How to Modify a Child Custody Agreement in Illinois

Child custody can often be the most contentious issue between parents going through divorce, or at least one of the most anxiety-ridden, because parents want to spend as much time as possible with their children. In Illinois, a child custody agreement can be updated or changed, but the ease of modification depends on the circumstances. A child custody order can be changed by agreement of the parents or when a substantial change has occurred.

Changing a Custody Order by Agreement

An agreement means both parents understand and agree to all proposed changes to a child custody order. Parents should understand how the changes will impact their parental rights, and a good starting point is reviewing the original child custody order. If a parent does not have a copy of his or her custody order, one can be obtained from the circuit clerk's office in the county where the case was heard.

A change in custody may mean that the child moves in with the other parent, visitation time changes, or questions about child-rearing are settled differently, among others. If parents agree to the proposed changes, legal documents must still be filed with the court to ask a judge to change the order.

For the change to be legal, the judge must approve the agreement and grant the requested changes. Without a judge's approval, a parent acting under the changes may be in violation of the original order and subject to legal penalties. A parent who agrees to change the child custody order can work with his or her attorney to fully understand how parental rights may change and to receive assistance in completing the required motion to modify custody.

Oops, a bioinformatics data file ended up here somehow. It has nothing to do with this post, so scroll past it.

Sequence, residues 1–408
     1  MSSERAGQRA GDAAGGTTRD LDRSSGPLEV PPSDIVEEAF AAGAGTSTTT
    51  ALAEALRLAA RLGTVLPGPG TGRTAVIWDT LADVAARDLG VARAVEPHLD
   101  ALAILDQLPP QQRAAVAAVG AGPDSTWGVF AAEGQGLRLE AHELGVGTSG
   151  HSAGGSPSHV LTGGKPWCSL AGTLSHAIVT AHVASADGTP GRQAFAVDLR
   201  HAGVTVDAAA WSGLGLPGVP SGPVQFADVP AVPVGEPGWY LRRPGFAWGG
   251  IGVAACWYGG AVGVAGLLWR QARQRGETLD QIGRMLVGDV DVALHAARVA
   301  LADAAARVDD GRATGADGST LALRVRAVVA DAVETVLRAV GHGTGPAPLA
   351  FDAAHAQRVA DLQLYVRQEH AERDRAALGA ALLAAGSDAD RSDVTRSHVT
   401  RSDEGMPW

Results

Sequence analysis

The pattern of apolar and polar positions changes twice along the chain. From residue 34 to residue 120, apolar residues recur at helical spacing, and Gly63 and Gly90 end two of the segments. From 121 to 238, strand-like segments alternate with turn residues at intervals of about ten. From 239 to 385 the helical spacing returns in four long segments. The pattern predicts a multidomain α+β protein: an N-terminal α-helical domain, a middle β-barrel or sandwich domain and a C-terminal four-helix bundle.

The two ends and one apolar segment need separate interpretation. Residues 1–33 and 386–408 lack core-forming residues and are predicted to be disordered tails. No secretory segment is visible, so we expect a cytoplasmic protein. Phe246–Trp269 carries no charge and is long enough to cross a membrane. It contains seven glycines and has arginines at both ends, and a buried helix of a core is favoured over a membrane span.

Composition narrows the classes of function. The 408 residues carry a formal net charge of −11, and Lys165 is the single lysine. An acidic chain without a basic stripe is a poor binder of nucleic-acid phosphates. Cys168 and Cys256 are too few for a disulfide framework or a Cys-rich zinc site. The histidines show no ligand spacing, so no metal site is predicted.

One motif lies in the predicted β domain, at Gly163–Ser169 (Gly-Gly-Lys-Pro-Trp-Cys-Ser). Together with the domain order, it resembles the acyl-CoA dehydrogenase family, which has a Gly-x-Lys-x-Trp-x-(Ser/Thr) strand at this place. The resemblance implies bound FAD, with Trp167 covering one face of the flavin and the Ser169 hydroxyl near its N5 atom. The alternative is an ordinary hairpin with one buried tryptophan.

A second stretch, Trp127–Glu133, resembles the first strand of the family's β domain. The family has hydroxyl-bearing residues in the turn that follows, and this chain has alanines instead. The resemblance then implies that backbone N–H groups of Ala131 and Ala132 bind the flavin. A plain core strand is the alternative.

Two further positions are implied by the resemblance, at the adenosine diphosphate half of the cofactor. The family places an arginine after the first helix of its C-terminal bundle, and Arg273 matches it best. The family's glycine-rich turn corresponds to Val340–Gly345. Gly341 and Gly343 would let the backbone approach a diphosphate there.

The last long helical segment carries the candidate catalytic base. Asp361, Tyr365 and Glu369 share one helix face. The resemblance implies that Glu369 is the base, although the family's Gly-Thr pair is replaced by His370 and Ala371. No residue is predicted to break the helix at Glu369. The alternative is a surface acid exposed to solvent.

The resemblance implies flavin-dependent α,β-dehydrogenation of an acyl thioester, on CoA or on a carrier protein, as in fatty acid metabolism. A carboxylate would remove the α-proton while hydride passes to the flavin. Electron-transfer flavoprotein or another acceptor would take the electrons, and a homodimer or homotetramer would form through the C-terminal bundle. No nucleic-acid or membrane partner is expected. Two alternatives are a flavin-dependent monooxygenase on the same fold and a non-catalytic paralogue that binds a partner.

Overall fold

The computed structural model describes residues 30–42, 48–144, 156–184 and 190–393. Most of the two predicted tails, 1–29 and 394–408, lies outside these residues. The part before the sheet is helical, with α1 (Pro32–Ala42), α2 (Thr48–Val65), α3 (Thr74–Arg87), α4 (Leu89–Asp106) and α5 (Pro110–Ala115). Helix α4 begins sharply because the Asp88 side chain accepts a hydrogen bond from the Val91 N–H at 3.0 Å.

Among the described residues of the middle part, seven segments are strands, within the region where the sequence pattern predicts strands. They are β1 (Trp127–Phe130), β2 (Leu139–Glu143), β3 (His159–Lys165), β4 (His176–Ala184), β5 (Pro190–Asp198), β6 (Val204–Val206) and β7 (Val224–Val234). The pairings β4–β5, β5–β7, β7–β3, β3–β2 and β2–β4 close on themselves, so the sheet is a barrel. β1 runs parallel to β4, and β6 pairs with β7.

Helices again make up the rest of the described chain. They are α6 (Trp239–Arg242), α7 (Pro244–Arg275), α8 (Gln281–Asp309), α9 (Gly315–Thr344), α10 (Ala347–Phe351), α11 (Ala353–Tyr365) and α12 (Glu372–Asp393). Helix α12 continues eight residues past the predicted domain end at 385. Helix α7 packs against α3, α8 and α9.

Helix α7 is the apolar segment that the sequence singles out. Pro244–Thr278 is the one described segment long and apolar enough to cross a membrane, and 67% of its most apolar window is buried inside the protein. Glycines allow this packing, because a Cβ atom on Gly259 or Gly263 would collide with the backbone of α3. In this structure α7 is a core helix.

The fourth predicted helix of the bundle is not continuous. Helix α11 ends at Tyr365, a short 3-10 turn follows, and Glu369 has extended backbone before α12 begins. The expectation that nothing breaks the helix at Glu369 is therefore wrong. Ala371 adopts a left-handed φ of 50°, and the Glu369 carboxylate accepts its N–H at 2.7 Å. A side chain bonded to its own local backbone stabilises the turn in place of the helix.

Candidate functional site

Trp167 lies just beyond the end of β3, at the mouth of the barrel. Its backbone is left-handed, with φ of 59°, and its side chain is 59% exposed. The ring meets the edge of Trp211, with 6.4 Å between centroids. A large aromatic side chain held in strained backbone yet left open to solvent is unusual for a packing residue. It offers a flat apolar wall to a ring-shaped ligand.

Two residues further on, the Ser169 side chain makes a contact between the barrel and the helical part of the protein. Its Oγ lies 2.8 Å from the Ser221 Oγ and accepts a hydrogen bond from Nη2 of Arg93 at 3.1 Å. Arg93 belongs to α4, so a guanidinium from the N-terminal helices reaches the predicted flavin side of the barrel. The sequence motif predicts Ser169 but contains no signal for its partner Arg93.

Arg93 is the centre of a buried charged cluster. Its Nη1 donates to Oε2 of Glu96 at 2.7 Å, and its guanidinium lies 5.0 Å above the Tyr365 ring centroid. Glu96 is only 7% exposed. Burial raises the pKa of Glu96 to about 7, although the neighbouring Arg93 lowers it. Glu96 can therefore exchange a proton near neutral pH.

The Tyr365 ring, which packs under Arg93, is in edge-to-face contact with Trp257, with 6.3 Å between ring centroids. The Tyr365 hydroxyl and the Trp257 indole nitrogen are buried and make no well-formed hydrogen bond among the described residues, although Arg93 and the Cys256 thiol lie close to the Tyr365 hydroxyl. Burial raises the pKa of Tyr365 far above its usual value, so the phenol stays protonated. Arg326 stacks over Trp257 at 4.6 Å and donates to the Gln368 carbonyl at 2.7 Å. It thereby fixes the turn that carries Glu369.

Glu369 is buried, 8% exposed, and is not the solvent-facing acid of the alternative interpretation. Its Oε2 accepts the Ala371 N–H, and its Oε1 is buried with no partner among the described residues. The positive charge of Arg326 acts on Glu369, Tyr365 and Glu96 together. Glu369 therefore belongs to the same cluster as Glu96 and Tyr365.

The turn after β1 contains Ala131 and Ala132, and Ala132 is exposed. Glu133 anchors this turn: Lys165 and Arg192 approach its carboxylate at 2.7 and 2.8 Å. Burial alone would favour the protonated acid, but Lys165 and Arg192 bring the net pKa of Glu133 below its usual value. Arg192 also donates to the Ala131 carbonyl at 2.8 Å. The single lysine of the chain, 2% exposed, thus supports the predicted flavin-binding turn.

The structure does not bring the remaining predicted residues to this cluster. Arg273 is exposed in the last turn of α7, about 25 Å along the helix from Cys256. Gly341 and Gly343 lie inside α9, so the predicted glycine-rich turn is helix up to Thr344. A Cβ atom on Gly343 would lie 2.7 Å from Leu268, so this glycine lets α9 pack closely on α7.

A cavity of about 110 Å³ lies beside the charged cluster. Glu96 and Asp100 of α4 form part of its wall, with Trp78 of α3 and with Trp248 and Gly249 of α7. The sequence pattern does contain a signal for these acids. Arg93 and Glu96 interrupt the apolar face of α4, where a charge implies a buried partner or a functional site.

Changing a Custody Order When Parents Do Not Agree

A parent can also change a child custody order even when the other parent does not agree with the proposed change, but certain conditions must be met. A child custody order can be changed if at least two years have passed since the date of the original order and at least one of the following changes has occurred and is necessary to serve the best interest of the child:

  • A change in the circumstances of the custodial parent
  • A change in the child's circumstances
  • If the parents have joint custody, a change in the circumstances of either or both parents

Examples of circumstances that may qualify as actionable changes include:

  • A parent's remarriage
  • A parent's need to relocate out of the immediate geographic area because of employment
  • Parents with joint custody no longer agreeing on decisions regarding the child
  • The child's health concerns
  • A parent's health concerns

A parent may request a modification of visitation at any time if there is a change in circumstances. A parent may also change custody within two years of the original order if both parents agree. The events that create a change in circumstances must have occurred after the original custody order was entered. In addition, the parent who seeks to change the custody order must demonstrate the change in circumstances, which is a high burden. An attorney can provide valuable assistance throughout the child custody modification process by explaining, protecting and enforcing a parent's rights.